MiniFlame Drops Cyberbombs on High-Value Targets
MiniFlame is highly targeted, only having infected a few dozen computers. It targets specific files, said Kaspersky Lab researcher Roel Schouwenberg. "We currently assume that miniFlame is installed via Flame and Gauss. This leads us to believe that infections are only found on extremely high-value targets."
Oct 17, 2012 10:33 AM PT
Security researchers have identified a new offshoot of the notorious Flame espionage malware. The malware, called "miniFlame," creates a backdoor in the systems that it infects. That backdoor can then be used by an attacker to gain access an infected machine. The attacker can then write files to the compromised computer, snatch files from it or snap screenshots of its display.
Although miniFlame is related to large-scale cyberespionage software like Flame and Gauss, its scope is narrowly focused. "If Flame and Gauss were massive spy operations, infecting thousands of users, miniFlame/SPE is a high precision, surgical attack tool," Kaspersky Lab explained.
While Kaspersky estimates that Flame and Gauss have infected more than 10,000 systems, miniFlame has infected only a few dozen systems in western Asia. "This indicates that SPE is a tool used for highly targeted attacks, and has probably been used only against very specific targets that have the greatest significance and posing the greatest interest to the attackers," Kaspersky reasoned.
Only For High-Value Targets
Aside from establishing a backdoor into a machine, miniFlame is interested in certain files and programs on the computer, explained Kaspersky senior researcher Roel Schouwenberg.
"We currently assume that miniFlame is installed via Flame and Gauss," he told TechNewsWorld. "This leads us to believe that infections are only found on extremely high-value targets. We don't know what these targets are."
While it's been documented that the United States had a hand in developing the Stuxnet cyberweapon that disrupted Iran's nuclear development program, the source of Flame and Gauss hasn't been determined. However, the discovery of miniFlame does say something about that source, Schouwenberg observed.
"It further affirms our belief that Flame and Gauss were two parallel operations commissioned by the same entities," he said.
As more information is discovered about these espionage malware families, the messier the development process appears to have been, according to Vikram Thakur, principal security response manager at Symantec.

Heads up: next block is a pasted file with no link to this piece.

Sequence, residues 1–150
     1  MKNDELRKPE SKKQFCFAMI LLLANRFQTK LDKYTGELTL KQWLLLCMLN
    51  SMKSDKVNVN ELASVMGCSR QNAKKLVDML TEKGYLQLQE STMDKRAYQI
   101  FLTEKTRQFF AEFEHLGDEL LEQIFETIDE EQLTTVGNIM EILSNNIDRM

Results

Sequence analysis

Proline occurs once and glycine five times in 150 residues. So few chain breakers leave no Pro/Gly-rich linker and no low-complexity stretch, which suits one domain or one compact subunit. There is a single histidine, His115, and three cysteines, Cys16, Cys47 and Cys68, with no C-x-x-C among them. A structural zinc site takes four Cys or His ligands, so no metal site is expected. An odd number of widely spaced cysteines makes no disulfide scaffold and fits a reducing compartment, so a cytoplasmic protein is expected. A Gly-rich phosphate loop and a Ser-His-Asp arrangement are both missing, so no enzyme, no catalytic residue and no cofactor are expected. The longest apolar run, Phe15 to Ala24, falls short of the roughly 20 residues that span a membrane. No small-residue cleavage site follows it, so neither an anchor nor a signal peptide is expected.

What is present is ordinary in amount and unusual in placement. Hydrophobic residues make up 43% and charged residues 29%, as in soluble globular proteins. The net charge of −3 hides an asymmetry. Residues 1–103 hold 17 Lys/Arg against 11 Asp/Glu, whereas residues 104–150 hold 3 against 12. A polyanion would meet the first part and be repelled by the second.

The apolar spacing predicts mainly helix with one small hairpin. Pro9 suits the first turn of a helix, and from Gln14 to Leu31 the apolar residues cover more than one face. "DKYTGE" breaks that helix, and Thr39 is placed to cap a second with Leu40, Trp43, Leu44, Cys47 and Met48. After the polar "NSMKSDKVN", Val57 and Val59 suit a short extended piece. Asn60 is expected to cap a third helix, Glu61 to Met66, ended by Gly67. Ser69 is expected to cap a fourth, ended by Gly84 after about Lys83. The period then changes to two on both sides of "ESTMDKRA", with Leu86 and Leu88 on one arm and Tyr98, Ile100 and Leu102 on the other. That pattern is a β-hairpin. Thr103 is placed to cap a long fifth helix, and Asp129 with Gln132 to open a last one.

Multiple threats were created to support a specific agenda. "Initially," he told TechNewsWorld, "the agenda may have been very targeted toward one specific end goal, but it most likely grew to encompass additional targets."
"The use of multiple malware variants could be attributed to different development teams or to different mandates, where one group wasn't necessarily aware of the other for operational security reasons," he observed.
The bottom line for all these variants is the same. "All of these different malware families are doing largely the same thing: gathering intelligence," he said.
Costly To Build
The families have another thing in common: the cost of developing them, according to Aryeh Goretsky, a researcher at Eset."The cost of writing a Stuxnet is a lot less than sending spies into a country, but they're still extraordinarily high, compared to other pieces of malware," he told TechNewsWorld.
For example, Flame's attack on Microsoft's Windows update system was costly to design. "That could only have been built using a supercomputer," he maintained.
From a researcher's point of view, the discovery of miniFlame connects a few more dots in the Flame picture, according to Jim Walter, managing director for McAfee's Threats Intelligence Service. "It solidifies much of what we already knew from the broader 'Flame' attack, and it provides interesting insight into the modular bits and pieces that were previously incomplete," he told TechNewsWorld.
"These discoveries will be occurring for the foreseeable future as we continue to analyze the pieces and build a clear bigger picture of the larger attacks," he added.
Nations Teaching Criminals
If cyberweapons were the exclusive domain of nation-states, the threat to the public would be less than it actually is, argued Tom Kellermann, vice president of cybersecurity at Trend Micro.
"This evolution of attack code ushers in an era where [attackers] can continue to colonize systems because they are learning from the actions of nation-states who have begun to enter the fray of cyberwarfare," he told TechNewsWorld.
Perimeter defense technologies -- including antivirus software and firewalls -- are becoming ineffective against these kinds of attacks, he said.
"What worries me is that miniFlame, under some other name, will be used by criminal groups or terrorists," he said.